Black holes are thought to dominate their surroundings by their extremely powerful gravitational pull. However, other forces that are usually considered to be weaker are also at work near these objects. These include forces exerted by the pressure of the infalling hot gas and magnetic forces. In a surprising twist, astronomers at the Max Planck Institute for Radio Astronomy (MPIfR) and Lawrence Berkeley National Laboratory (LBNL) have found that in fact magnetic forces can be as strong as gravity near supermassive black holes.
Some black holes that are voraciously consuming interstellar gas also expel some of it in twin narrow outflows, or jets. This study focused on those supermassive black holes at the centers of galaxies that have observed radio-emitting jets.
“We realized that the radio emission from a black hole’s jets can be used to measure the magnetic field strength near the black hole itself,” says study lead author Mohammad Zamaninasab (formerly at the MPIfR and supported by a grant from Deutsche Forschungsgemeinschaft, DFG). “Our real ‘aha’ experience came when we compared our magnetic force measurements to the force of gravity near black holes and found them to be comparable.”
On a purely theoretical level, the possibility that magnetic fields may be as strong as gravity near black holes has been studied by state-of-the-art computer simulations. “When the infalling gas carries enough magnetic field in our simulations, then the magnetic field near the black hole gets stronger until it balances gravity,” explains Alexander Tchekhovskoy of LBNL, a co-author of the study. “This fundamentally changes the behavior of the gas near the black hole.”
Surprisingly, the magnetic field strength around these exotic objects is comparable to the magnetic field produced in something more familiar: an MRI machine that you can find in your local hospital. Both supermassive black holes and MRI machines produce magnetic fields that are roughly 10,000 times stronger than Earth’s surface magnetic field, which is what guides an ordinary compass.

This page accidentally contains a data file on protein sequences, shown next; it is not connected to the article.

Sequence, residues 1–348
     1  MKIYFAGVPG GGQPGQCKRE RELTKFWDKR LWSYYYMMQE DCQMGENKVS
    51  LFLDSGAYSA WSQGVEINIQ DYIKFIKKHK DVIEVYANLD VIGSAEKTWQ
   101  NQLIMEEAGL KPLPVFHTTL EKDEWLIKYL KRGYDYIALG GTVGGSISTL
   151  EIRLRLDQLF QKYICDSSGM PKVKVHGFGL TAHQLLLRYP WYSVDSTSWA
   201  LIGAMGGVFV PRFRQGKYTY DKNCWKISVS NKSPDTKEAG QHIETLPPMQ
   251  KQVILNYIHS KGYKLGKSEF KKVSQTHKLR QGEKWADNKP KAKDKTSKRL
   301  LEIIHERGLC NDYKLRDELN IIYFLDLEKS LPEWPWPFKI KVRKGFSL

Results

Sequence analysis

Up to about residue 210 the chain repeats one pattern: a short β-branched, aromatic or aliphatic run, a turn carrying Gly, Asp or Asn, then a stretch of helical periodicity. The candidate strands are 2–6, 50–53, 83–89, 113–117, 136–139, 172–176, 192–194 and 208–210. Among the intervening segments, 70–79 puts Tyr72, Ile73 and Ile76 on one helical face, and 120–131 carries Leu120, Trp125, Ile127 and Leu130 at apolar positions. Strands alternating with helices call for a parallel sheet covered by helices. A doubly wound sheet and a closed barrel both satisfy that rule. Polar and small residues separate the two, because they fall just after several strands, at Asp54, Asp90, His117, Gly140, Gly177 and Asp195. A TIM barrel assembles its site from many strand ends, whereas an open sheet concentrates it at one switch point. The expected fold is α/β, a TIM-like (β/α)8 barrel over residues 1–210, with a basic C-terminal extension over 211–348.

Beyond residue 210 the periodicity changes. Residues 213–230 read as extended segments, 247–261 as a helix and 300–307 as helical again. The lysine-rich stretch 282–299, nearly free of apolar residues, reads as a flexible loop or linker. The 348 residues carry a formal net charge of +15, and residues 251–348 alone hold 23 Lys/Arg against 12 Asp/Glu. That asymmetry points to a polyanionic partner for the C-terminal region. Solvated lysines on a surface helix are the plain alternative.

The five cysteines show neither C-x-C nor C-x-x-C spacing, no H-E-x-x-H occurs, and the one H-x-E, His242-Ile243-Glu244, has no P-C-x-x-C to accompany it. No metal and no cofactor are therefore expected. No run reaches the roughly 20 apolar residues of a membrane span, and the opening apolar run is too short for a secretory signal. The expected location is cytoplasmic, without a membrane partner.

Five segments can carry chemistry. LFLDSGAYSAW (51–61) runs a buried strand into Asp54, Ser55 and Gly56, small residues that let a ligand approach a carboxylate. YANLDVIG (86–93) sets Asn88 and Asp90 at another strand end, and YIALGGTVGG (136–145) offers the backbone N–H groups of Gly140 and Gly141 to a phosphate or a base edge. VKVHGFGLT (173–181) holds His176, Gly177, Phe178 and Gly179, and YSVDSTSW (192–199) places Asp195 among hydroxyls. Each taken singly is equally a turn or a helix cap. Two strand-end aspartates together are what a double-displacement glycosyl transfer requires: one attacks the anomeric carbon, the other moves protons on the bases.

The measurements of the magnetic field strength near the black hole were based on mapping what fraction of the radio emission is absorbed at different locations near the base of the jet. “Such observations existed for an order of hundred sources from earlier work of several international research teams using the Very Long Baseline Array, a network of radio telescopes spread across the United States,” says co-author Tuomas Savolainen from MPIfR. “A large fraction of these measurements had just relatively recently become available thanks to a large observing program called MOJAVE, which monitors several hundred jets launched by supermassive black holes.”
The strength of the magnetic field near the black hole horizon also controls how powerful its jets are and, therefore, how luminous they appear at radio wavelengths according to current theories that treat black holes as a sort of spinning magnet. Thus, it is possible that the bright radio jets emanate from those black hole systems that have magnetic fields as strong as gravity.
These results may lead to changes in how to interpret black hole observations. “If our ideas hold up to further scrutiny, then astronomers’ expectations for how to measure black hole properties would need to be changed,” concludes Eric Clausen-Brown, also from MPIfR. “Our study also changes how powerful we expect black hole jets can be, and since these jets can impact their own galaxies and beyond, we may need to rethink how much of an environmental impact black holes can have.”